Skip to content
My WebMD Sign In, Sign Up

Carbatrol oral

Irinotecan/Selected Anticonvulsants

This information is generalized and not intended as specific medical advice. Consult your healthcare professional before taking or discontinuing any drug or commencing any course of treatment.

Medical warning:

Serious. These medicines may interact and cause very harmful effects. Contact your healthcare professional (e.g. doctor or pharmacist) for more information.

How the interaction occurs:

Phenytoin, phenobarbital, and carbamazepine may speed up how quickly your liver processes irinotecan.

What might happen:

The amount of irinotecan and the active metabolites in your blood may decrease and it may not work as well.

What you should do about this interaction:

Let your healthcare professionals (e.g. doctor or pharmacist) know that you are taking these medicines together. Your doctor may want to check the amounts of irinotecan in your blood and may want to adjust the dose of your medicine while you are taking phenytoin, phenobarbital, or carbamazepine or your doctor may want to change your anticonvulsant medicine.Your healthcare professionals may already be aware of this interaction and may be monitoring you for it. Do not start, stop, or change the dosage of any medicine before checking with them first.


1.Camptosar (irinotecan hydrochloride) US prescribing information. Pharmacia & Upjohn Company May, 2010.
2.Kuhn JG. Influence of anticonvulsants on the metabolism and elimination of irinotecan. A North American Brain Tumor Consortium preliminary report. Oncology (Huntingt) 2002 Aug;16(8 Suppl 7):33-40.
3.Mathijssen RH, Sparreboom A, Dumez H, van Oosterom AT, de Bruijn EA. Altered irinotecan metabolism in a patient receiving phenytoin. Anticancer Drugs 2002 Feb;13(2):139-40.
4.Murry DJ, Cherrick I, Salama V, Berg S, Bernstein M, Kuttesch N, Blaney SM. Influence of phenytoin on the disposition of irinotecan: a case report. J Pediatr Hematol Oncol 2002 Feb;24(2):130-3.
5.Gajjar A, Radomski K, Bowers D, Chintagumpala M, Thompson S, Houghton P, Stewart C. Pharmacokinetics of Irinotecan (IRN) and metabolites in pediatric high-grade giloma patients with and without co-administration of enzyme-inducing anticonvulsants. 2000.
6.Reid J, Buckner L, Schaaf L, Cha S, Wright K, Marks R, Wiesenfeld M, Pfeifle D, Harfield A, Krook J, Duncan B, Miller L. Anticonvulsants alter the pharmacokinetics of Irinotecan (CPT-11) in patients with recurrent glioma. 2000.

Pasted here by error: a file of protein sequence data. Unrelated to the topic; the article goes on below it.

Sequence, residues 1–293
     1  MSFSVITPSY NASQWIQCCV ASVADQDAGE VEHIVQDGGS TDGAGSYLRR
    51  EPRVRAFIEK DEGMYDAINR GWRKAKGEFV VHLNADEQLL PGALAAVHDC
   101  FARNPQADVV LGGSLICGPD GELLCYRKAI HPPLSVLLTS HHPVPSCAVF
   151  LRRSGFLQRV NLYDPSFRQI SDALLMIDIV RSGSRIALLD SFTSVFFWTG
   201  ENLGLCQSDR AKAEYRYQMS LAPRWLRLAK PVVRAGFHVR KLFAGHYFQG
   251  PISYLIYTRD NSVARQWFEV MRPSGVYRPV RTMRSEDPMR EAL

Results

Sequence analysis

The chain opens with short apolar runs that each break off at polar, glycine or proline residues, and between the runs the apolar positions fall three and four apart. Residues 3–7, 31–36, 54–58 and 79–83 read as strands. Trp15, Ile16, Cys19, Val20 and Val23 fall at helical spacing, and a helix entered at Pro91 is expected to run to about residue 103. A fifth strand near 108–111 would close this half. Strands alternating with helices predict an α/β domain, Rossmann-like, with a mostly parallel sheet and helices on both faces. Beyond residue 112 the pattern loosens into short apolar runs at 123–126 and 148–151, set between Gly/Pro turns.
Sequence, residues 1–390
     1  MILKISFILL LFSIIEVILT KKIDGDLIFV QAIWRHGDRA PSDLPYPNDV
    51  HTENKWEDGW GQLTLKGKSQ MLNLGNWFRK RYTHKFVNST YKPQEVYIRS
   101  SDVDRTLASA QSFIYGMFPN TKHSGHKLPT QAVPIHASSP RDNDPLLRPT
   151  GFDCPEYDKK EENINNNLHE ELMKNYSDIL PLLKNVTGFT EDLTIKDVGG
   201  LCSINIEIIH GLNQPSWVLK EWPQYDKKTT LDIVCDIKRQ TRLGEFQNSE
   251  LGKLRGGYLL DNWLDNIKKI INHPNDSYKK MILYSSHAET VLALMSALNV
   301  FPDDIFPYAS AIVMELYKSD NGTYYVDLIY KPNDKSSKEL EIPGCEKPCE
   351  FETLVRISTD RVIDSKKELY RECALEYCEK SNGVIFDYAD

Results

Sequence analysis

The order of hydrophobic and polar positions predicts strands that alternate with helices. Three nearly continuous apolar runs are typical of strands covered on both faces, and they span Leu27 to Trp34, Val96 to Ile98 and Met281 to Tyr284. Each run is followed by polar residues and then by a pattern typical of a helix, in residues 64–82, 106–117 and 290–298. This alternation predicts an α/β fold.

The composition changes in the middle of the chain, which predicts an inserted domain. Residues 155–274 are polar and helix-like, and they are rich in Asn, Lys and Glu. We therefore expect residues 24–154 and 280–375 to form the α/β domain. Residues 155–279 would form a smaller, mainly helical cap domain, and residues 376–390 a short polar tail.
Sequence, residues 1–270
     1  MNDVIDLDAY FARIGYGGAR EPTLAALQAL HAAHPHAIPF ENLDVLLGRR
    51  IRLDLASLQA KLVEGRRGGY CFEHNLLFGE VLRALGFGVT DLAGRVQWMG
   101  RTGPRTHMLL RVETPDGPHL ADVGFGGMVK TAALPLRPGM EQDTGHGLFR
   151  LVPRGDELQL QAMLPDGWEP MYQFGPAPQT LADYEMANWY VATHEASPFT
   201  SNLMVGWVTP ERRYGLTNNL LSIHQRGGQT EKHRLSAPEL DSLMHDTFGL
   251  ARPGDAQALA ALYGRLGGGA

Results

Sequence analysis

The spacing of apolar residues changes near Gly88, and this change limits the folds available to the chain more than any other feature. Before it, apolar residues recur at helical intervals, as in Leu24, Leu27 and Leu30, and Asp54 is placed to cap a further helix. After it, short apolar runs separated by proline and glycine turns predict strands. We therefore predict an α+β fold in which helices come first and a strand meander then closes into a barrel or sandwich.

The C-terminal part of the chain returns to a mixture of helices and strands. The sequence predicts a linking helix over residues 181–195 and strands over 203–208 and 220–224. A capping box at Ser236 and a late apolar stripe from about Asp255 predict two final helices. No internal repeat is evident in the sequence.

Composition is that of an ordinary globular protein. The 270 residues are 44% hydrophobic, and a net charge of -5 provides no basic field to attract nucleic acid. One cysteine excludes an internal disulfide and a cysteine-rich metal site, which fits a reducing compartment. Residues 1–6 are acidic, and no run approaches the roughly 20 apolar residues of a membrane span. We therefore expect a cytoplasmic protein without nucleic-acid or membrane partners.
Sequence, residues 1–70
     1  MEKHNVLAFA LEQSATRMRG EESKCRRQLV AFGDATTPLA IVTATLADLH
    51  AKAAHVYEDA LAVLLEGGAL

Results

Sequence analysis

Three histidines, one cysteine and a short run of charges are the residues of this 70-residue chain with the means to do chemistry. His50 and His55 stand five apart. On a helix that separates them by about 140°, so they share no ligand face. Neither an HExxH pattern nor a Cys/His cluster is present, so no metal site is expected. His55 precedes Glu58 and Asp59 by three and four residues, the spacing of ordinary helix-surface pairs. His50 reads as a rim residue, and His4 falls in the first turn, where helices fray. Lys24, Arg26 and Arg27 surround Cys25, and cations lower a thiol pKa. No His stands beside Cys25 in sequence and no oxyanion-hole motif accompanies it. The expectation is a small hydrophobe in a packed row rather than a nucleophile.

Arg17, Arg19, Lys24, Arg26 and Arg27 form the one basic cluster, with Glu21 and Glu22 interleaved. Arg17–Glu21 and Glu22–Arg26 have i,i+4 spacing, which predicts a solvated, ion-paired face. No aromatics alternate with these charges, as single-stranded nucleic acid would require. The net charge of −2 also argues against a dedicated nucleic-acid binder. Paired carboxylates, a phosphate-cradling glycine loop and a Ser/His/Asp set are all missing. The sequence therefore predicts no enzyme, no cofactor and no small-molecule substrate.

See 59 Reviews for this Drug. - OR -

Review this Treatment

Find a Drug:

by name or medical condition or shape/color (Pill Identifier)

(for example: aspirin)

(for example: diabetes)

Report Problems to the Food and Drug Administration
You are encouraged to report negative side effects of prescription drugs to the FDA. Visit the FDA MedWatch website or call 1-800-FDA-1088.

Ask the pharmacist

Questions about medications? Get expert answers by video or live chat about allergies, pregnancy, sleep, and more.
See the Ask the Pharmacist event schedule.

Ask a Question

Popular Slideshows & Tools on WebMD

hands on abdomen
Can you catch one?
Woman sitting in front of UV lights
Is yours working?
woman using breath spray
What's causing yours?
womans hand on abdomen
Are you ready for baby?
MS Overview
Recognizing symptoms.
bowl of yogurt with heart shape
Eat for a healthy heart.
woman doing pushups
To help you get fit.
Colored x-ray of tooth decay
Know what to look for.
Woman sitting with child
Do you know the symptoms?
Stings, bites, burns, and more.
Allentown, PA
Are you living in one?
Thyroid exam
See how much you know.

Women's Health Newsletter

Find out what women really need.

WebMD the app

Get trusted health information. Whenever. Wherever... with your iPhone, iPad or Android.

Find Out More

IMPORTANT: About This Section and Other User-Generated Content on WebMD

The opinions expressed in WebMD User-generated content areas like communities, reviews, ratings, or blogs are solely those of the User, who may or may not have medical or scientific training. These opinions do not represent the opinions of WebMD. User-generated content areas are not reviewed by a WebMD physician or any member of the WebMD editorial staff for accuracy, balance, objectivity, or any other reason except for compliance with our Terms and Conditions. Some of these opinions may contain information about treatment or uses of drug products that have not been approved by the U.S. Food and Drug Administration. WebMD does not endorse any specific product, service, or treatment.

Do not consider WebMD User-generated content as medical advice. Never delay or disregard seeking professional medical advice from your doctor or other qualified healthcare provider because of something you have read on WebMD. You should always speak with your doctor before you start, stop, or change any prescribed part of your care plan or treatment. WebMD understands that reading individual, real-life experiences can be a helpful resource but it is never a substitute for professional medical advice, diagnosis, or treatment from a qualified health care provider. If you think you may have a medical emergency, call your doctor or dial 911 immediately.